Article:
“We recognized that this was an unmet need in the community,” Stein said. “The legal community is just buried in legal work, and so in talking with ILAP (the Immigrant Legal Aid Project) and other folks, they agreed that if we had a little training, we really don’t need to be a lawyer to do it.”

Some of the hurdles are straightforward – making sure an asylum seeker’s first and last names are in the right order, for example. But the seven-page application form, along with 30 pages of instructions, often require a painful look back for people who only want to move forward.

Doroghazi, the volunteer, remembers one of her first meetings with a woman who gave her, among other documentation, a written statement detailing what she’d gone through before arriving here. As a matter of policy, Hope House personnel don’t ask asylum seekers about the trauma that forced them to flee their homeland, but on this day Doroghazi needed to copy the documents for the woman’s file. Standing at the printer, she fought back tears she read the woman’s story.

“I went home that night and cried,” Doroghazi recalled. “You see it on TV and you’re like, ‘Oh my gosh, that’s horrible. I wish I could do something.’ But seeing the person in front of you, it’s like, ‘Oh …'”

Hope House clients have to wait five months after applying for asylum to even seek a work permit. A Trump administration order extending the waiting period to 365 days remains in effect, but a federal court decision in Maryland has created a work-around whereby the timetable reverts to the previous 150-day requirement.

But from where Stein sits, that’s still too long. Especially in an economy that’s pleading for more workers.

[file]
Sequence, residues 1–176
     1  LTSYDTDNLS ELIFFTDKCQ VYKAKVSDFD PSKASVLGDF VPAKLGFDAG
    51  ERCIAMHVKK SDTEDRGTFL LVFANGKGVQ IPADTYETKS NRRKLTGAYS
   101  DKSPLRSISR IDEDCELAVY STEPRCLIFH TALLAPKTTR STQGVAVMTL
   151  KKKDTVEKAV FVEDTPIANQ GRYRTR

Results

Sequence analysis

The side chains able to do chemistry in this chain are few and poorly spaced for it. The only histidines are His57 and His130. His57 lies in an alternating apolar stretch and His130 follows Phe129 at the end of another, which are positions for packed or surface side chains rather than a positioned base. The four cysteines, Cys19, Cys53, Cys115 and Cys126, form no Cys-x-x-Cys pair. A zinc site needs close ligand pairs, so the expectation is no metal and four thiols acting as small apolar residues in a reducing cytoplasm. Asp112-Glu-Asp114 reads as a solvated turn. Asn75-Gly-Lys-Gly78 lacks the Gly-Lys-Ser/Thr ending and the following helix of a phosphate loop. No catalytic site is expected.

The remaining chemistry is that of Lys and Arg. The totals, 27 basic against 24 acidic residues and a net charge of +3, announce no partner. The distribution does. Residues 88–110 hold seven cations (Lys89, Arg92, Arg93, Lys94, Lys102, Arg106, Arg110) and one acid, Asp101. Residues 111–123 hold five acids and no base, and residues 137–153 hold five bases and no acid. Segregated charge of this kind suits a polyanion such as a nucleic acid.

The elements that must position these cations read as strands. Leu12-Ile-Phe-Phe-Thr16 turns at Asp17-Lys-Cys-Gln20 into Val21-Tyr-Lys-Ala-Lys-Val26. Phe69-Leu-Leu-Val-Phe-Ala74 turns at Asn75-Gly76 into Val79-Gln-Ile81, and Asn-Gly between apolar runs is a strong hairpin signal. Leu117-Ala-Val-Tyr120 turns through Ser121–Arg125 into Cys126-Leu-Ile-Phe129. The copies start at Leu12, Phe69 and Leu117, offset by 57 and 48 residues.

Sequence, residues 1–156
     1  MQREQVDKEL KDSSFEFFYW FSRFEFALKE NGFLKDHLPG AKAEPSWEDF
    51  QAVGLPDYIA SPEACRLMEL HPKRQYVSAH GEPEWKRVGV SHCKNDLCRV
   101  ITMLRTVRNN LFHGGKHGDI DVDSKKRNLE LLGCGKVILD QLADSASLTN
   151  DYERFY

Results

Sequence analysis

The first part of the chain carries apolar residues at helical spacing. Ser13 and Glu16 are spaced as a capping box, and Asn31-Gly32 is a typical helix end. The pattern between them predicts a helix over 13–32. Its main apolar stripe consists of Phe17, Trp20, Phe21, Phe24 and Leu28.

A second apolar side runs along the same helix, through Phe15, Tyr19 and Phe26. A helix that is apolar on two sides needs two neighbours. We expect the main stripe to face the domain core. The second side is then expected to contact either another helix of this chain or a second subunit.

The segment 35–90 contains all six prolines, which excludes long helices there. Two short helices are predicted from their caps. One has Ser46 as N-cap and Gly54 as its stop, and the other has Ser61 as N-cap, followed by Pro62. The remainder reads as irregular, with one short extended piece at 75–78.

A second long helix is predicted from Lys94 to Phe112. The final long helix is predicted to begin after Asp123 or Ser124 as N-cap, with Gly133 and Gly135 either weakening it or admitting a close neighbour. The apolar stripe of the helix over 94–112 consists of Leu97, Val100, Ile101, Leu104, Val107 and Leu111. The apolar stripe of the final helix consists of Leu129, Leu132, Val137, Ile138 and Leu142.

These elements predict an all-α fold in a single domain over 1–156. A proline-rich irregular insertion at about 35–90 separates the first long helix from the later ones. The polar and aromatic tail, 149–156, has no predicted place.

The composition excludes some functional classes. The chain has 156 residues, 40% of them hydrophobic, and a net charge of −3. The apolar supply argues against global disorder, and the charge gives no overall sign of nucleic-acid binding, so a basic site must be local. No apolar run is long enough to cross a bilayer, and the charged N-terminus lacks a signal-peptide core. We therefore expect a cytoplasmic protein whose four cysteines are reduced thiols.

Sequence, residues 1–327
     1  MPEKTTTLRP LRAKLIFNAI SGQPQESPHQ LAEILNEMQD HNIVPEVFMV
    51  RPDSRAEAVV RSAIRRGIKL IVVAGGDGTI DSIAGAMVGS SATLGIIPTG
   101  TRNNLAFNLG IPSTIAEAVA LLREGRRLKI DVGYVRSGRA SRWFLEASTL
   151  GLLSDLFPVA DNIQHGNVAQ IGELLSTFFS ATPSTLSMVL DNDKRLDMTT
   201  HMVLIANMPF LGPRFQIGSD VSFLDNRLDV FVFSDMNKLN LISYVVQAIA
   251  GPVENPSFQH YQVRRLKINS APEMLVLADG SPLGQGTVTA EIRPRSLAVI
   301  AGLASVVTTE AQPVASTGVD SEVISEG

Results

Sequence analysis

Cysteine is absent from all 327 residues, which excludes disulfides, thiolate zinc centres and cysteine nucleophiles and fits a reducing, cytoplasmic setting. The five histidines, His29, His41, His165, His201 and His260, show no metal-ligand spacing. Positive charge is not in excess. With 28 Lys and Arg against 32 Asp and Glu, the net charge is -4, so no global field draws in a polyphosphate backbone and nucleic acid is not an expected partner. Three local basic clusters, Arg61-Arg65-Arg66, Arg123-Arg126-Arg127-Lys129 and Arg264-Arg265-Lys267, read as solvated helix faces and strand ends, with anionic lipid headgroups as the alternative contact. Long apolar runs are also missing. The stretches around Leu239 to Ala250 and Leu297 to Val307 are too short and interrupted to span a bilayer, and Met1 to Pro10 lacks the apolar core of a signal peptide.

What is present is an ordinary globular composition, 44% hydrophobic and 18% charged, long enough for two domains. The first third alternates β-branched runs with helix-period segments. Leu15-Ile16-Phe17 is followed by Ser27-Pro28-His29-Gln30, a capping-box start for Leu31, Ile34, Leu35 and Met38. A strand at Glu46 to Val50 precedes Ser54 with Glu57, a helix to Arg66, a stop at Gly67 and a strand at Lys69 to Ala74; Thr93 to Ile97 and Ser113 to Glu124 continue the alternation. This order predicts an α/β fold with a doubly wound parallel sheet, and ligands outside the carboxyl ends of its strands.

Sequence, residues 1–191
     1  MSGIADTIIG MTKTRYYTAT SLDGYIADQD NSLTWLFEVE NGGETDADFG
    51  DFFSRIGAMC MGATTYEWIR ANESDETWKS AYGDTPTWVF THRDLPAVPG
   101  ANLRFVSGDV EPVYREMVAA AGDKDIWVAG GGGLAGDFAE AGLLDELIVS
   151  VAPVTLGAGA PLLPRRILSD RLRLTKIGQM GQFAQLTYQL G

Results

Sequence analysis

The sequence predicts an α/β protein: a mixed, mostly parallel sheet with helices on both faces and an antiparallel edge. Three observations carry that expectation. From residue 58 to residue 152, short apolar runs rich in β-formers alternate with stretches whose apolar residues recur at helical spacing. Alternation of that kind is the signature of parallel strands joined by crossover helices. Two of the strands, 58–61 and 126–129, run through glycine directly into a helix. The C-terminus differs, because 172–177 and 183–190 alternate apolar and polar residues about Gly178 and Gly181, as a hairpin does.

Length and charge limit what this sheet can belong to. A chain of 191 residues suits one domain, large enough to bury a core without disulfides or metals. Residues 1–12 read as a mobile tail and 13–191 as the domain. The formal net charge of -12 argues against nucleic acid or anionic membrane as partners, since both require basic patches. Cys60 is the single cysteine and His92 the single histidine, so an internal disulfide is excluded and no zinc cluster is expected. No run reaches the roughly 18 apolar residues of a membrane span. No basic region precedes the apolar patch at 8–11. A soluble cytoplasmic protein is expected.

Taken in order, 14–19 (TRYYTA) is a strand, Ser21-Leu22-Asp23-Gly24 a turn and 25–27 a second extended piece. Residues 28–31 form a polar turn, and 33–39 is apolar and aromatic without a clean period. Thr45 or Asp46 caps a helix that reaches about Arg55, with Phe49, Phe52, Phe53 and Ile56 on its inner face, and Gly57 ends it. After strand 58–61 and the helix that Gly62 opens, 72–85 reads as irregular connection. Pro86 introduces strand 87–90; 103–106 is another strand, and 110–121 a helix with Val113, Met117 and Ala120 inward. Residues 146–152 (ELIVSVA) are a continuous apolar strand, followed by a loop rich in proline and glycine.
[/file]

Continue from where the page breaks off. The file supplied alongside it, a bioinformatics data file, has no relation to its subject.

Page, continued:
“I get emails from employers all the time asking, ‘Do you have anyone?'” she said. Meanwhile, as the asylum seekers pour into Hope House’s basement each week, “all they want to do is work.”

Getting the application in is only half the battle. While the federal government is supposed to process them within 30 days, the wait often stretches into “two, three months, sometimes a lot longer,” Stein said.

Meanwhile, asylum seekers survive on General Assistance from the city that barely covers their rent and food. They take English for Speakers of Other Languages classes – Hope House enrolled 150 students in its program last year. And they wait.

It would be easy to throw up one’s hands at the inefficiency and unfairness of an immigration system that is clearly broken. In her five years running Hope Acts, Stein has seen only one person achieve full asylee status. All the other cases are still pending.

Still, the volunteers – Hope House’s roster fell from about 100 to 50 during the pandemic, but is slowly bouncing back – and the people they serve celebrate the small victories. A guy like James shows up, unable to speak English, and now reads the local newspaper not just to improve his language skills but also to learn about his new community. He spoke in detail Wednesday about last weekend’s story in the Maine Sunday Telegram that examined this year’s severe drop in foreign students coming to Maine to work for the summer.

“So it means this year the managers, they have to work hard because they do not have enough workers,” he said. “But maybe next year, it will be good.”

Back before James found his apartment a few blocks from Hope House, Doroghazi asked him if he’d be interested in living somewhere outside Portland, maybe Westbrook. Nothing against Westbrook, but he balked at moving that far away.


The answer lies in a thank-you note James wrote recently to the Hope House staff and volunteers for a present they gave him on his 65th birthday.

“I had to come to America alone,” he wrote. “And with you, I found my new family.”